January 25th, 10am – noon
The Georgia State Capitol steps on Washington Street
Charter schools supporters in Georgia are joining with the Center for an Educated Georgia to participate in a “National School Choice Week” rally at the Georgia Capitol in support of parental options being made available in Georgia and across the nation. Thousands are expected to participate in various National School Choice Week events across the U.S. during the week of January 23rd – 29th.
Here in Georgia, a rally in support of “school choice”, will be held on the front steps of the Capitol on January 25th, 2011 at 10 A.M.
Whether it is in support of your charter public school or to support more charter schools in communities across Georgia, the time to act is now. Let your voice be heard. Let’s tell our state’s leaders, “Charter public schools are NOT a Republican or a Democrat issue. It’s an American issue – and we have to provide a good education to every American child.”
With the 2011 legislative session in the beginning stages of their three month process, and many key charter school bills dealing with facility funding, autonomy, and flexibility under the law, being proposed to assist your school, the charter public schools of Georgia must show our commitment to this cause.
To make the rally a success, we need your help. We need you and your school to set aside January 25th to bring your school children, parents, staff, and supporters to the Georgia Capitol. We need to show our state’s leaders that they can do more to support Georgia’s charter public schools. We are hoping you will send 25-100+ children, teachers, parents and advocates to the rally on the 25th.
Opportunities to speak with your legislative leaders can be arranged. Please let us know if you would like school leaders, parents and children to have the opportunity after the rally to speak with your house or senate representative(s).
Please do not hesitate to contact Andrew Lewis at GCSA if you have questions regarding the event.
The timing of this blog is quite interesting given some of the recent postings. One could conclude that some citizens in DeKalb are against choice offerings, especially in light of the redistricting discussions. For those who don't know, DeKalb claims it offers more choice offerings that any other school district in the state.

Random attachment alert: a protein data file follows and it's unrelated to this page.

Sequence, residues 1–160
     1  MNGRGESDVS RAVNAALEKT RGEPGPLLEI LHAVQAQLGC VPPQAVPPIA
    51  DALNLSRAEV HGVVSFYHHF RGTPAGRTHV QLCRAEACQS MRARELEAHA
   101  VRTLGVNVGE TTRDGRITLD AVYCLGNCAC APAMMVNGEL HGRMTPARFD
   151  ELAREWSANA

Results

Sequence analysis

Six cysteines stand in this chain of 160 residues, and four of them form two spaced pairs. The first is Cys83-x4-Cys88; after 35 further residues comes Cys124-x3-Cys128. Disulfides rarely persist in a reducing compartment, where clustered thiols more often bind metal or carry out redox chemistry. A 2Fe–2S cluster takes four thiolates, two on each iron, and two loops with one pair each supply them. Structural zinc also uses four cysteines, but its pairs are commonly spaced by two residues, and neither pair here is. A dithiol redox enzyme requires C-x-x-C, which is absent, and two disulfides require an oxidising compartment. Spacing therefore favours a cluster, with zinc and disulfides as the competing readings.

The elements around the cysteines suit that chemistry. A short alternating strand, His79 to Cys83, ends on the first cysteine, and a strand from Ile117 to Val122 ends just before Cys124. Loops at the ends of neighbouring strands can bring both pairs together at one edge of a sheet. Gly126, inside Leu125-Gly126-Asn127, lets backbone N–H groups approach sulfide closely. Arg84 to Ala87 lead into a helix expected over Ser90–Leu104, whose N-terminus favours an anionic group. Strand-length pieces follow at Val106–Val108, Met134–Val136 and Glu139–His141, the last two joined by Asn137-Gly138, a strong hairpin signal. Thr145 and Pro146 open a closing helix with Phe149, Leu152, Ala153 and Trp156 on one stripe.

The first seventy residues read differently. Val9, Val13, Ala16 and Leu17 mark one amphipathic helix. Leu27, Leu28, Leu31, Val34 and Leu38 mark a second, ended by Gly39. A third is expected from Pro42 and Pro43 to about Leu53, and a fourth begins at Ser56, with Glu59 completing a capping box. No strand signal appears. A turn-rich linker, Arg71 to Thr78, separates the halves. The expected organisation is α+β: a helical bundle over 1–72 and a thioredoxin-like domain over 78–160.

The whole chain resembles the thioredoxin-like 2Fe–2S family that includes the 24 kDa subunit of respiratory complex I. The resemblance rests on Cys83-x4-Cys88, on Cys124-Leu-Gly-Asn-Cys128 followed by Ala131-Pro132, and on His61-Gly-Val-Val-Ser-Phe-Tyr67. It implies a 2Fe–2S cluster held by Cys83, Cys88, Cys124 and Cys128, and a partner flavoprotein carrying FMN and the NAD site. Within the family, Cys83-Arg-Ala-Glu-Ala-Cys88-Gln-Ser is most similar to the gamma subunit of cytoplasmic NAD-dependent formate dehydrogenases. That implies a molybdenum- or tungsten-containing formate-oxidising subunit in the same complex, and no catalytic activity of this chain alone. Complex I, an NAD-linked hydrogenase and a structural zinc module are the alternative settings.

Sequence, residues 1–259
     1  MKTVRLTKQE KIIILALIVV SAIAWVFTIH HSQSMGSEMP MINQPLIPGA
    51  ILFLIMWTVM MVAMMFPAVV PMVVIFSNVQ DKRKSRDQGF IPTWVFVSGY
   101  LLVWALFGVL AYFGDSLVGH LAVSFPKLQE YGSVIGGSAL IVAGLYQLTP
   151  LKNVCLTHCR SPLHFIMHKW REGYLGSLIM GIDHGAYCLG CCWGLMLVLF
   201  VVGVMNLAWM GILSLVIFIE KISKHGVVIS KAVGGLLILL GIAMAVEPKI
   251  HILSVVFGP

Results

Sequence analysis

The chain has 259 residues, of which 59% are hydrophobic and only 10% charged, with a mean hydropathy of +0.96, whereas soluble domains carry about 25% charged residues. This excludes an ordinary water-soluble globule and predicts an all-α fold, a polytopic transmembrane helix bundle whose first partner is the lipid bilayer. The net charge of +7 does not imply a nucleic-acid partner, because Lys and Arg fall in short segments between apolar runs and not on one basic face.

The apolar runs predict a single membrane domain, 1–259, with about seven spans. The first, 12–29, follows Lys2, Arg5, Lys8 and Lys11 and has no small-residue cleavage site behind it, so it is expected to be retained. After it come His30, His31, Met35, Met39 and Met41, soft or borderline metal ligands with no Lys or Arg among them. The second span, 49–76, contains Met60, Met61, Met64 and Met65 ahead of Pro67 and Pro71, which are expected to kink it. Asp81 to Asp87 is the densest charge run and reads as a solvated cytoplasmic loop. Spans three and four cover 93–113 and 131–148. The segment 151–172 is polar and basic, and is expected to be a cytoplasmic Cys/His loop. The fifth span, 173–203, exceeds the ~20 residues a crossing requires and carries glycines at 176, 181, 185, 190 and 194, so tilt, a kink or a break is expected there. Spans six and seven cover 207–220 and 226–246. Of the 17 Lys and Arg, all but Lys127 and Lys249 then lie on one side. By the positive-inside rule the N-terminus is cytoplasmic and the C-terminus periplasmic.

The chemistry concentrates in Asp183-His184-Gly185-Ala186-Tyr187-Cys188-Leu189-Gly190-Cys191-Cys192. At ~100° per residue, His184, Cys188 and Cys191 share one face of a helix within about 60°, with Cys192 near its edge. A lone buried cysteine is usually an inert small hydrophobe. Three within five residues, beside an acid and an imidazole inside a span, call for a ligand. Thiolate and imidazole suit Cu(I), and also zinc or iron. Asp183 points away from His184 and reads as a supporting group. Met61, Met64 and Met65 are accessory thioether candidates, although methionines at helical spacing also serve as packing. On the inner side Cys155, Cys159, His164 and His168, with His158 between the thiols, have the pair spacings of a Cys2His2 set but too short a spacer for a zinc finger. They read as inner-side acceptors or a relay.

And how has choice improved overall student achievement in DeKalb?
DeKalb could actually be exhibit number 1 in the argument that competition doesn't improve public education.
"And how has choice improved overall student achievement in DeKalb?"
The answer to that question depends on your perspective. There are probably thousands of present and former students that would say having a choice other than their home school opened more doors for them. Can someone prove that students that remained in their home school were harmed because other students took advantage of choice? More than likely their educational experience remained the same and it some cases they were helped.
Children are not widgets. They each have different needs. While not perfect, choice does provide opportunities for differentiated instruction for those who able to take advantage of it.
Choice is fine - as long as creating choice schools does not cost more per pupil than regular schools, thereby taking money away from the home schools.
The choice programs in DeKalb hardly represent competition. So, no, DeKalb is not exhibit #1 that competition doesn't improve education. In fact, ask private school parents about their happiness with the educational product they are buying. Connecting the purchaser with the producer in a transaction provides a market. Despite choice, we don't see market forces (ie competition) within the public educational setting. If we could mimic a market, then we could make observations and draw conclusions.
I do not look at the "choice" programs offered in DCSS as part of the Choice School Week Rally. To me school choice is being able to home school your children, have charter schools, be able to choose private schools as alternatives to public schools. These choices do not cost a tax payer any extra money.
The "choice" programs offered at DCSS are costing me money and I choose not to support them until ALL children receive a quality education.
Seems like DCSS should put their programs out there as " chance " more than " choice ".
Parents can decide whether or not to take a chance at getting their child into a program that they are qualified for..... It is a joke and in no way representative of true choice.
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